An employee may over hear their manager talking with a co-worker, discussing how they refused to promote the employee because they were of Irish decent. In both examples, the discrimination, if true, is intentional on based on a prohibited reason. The hiring manager just completed interviewing 5 applicants for a position. Of the 5 applicants, the top applicant practices Islam. The hiring manager rejects the notion to hire the top applicant for the position and continues to conduct interviews to fill the position. In this case, it can be ruled out the lack of qualifications because the applicant is qualified and job availability because the hiring manager is still conducting interviews. The only assumption is that since the applicant practices Islam, religion, they didn’t get the position.
Disparate impact has more of a group concept than individual. The employee has to show that even though the organization appears to have no intent to discriminate, there is an impact on a protected group. Under this theory, once again, the intent to discriminate is irrelevant, however, a decision that appeared neutral must demonstrate whether it’s work related or a business necessity. For example, a company may have a policy stating that the employee is required to be of particular height and weight size. Men and women differ in height and weight and this policy eliminates the number of women applicants at a faster rate than men presenting disparate impact on women.
The Civil Rights Act of 1991 gave the opportunity for punitive damages to be awarded to the employee who accused the employer of discrimination providing the employee substantiate that the employer participated in discriminatory practices with malice or in a reckless manner with no regards to the law. This statute also created a group, the Glass Ceiling Commission, focused on the invisible barrier present in most organizations that prevents many women and minorities from achieving top-level management positions, also known as the glass ceiling. How businesses fill management positions, promote development practices to improve qualifications for advancement are examples that the commission view in steps to remove the glass ceilings in organizations.
Equal Pay Act of 1963 ( EPA ) The HR unit of an organization uses a job analysis to determine the dollar value of positions in company based on the significance of the duties & responsibilities and market value, just to name a few. The HR unit also takes in consideration the Equal Pay Act of 1963 to ensure there’s no discrimination within the compensation system. The Equal Pay Act is as follows:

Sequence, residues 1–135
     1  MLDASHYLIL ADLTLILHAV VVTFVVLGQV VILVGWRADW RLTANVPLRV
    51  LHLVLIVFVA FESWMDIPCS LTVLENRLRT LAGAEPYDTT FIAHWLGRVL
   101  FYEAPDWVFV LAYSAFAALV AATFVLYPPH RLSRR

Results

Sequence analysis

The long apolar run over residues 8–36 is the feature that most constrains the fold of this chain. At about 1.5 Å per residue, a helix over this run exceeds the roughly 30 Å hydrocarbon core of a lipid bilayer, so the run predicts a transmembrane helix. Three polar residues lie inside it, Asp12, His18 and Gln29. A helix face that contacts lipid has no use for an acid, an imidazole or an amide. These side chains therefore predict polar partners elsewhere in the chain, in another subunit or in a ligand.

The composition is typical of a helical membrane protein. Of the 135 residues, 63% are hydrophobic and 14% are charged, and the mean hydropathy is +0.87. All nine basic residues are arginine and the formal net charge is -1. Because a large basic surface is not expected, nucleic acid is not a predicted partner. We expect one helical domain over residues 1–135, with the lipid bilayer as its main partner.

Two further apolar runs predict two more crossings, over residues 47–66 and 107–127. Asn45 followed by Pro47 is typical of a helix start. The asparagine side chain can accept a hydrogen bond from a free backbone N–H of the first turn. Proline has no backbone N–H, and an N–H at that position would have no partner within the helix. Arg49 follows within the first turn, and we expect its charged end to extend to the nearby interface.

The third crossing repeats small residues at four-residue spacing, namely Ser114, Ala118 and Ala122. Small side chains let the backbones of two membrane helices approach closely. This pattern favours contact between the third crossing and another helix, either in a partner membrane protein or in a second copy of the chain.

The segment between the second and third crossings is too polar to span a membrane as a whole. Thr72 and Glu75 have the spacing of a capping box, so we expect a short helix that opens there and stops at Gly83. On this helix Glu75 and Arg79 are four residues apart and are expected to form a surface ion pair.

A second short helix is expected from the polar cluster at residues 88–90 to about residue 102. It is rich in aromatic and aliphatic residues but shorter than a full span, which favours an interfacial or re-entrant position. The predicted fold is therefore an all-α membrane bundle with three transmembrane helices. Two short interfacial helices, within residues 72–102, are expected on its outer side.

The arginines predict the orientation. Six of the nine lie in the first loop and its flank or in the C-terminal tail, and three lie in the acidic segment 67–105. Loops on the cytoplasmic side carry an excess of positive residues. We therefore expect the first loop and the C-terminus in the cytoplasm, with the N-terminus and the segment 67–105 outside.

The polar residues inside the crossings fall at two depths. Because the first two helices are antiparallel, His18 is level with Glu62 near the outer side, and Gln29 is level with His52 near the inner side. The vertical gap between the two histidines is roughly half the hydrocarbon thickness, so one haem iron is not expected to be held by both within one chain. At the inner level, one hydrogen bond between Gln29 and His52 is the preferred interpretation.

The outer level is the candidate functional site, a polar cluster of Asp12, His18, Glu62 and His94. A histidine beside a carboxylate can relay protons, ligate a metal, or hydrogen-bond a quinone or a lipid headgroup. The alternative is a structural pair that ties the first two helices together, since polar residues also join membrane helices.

The EPA, passed in 1963, established the minimum wage and prohibited gender-based wage discrimination. It states in part: “No employer having employees subject to any provisions of this section shall discriminate . . . between employees on the basis of sex by paying wages to employees . . .at a rate less than the rate at which he pays wages to employees of the opposite sex . . . for equal work . . . under similar working conditions (Arrendondo, 2002, 263).
Jobs that require equal skill, effort, and responsibility and performed under the same conditions are considered substantially the same. Employers may not bypass the law to justify pay differences by simply labeling the same job with different titles when performed by men and women. The burden falls upon the employer to prove that the pay differences are a result of an excusable instance outlined by the EPA.
Unequal responsibility, seniority and merit pay system are the basis for which the EPA allows pay differences in the workplace. For an employer to claim unequal work, they must prove the skill/responsibility is substantially greater in one of the jobs compared, the tasks involving the skill/responsibility consume a significant amount of time for employees with questionable wages and the skill/responsibility must have value attached with the questioned pay differences.
The EPA raised the concept of comparable worth. Comparable worth is the employer’s comparison of the worth of jobs to determine its pay rate. It allows jobs that are not the same, but of comparable worth to the employee, be examined for wage discrepancies. One may say that a secretary position within an organization is paid less and female dominated; at the same time, a construction position within the same organization is paid more and male dominated.
The employer is able to bypass the EPA limitation comparing jobs that are the same. Employers should be aware that there are harsh penalties waiting in the rear for those who violate the EPA. In 1999, following a Department of Labor audit, Texaco agreed to pay $3.1 million to female employees who had been consistently paid less than male counterparts; $2.2 million in back pay/interest and $900,000 in salary increases (Bland, 1999, 138).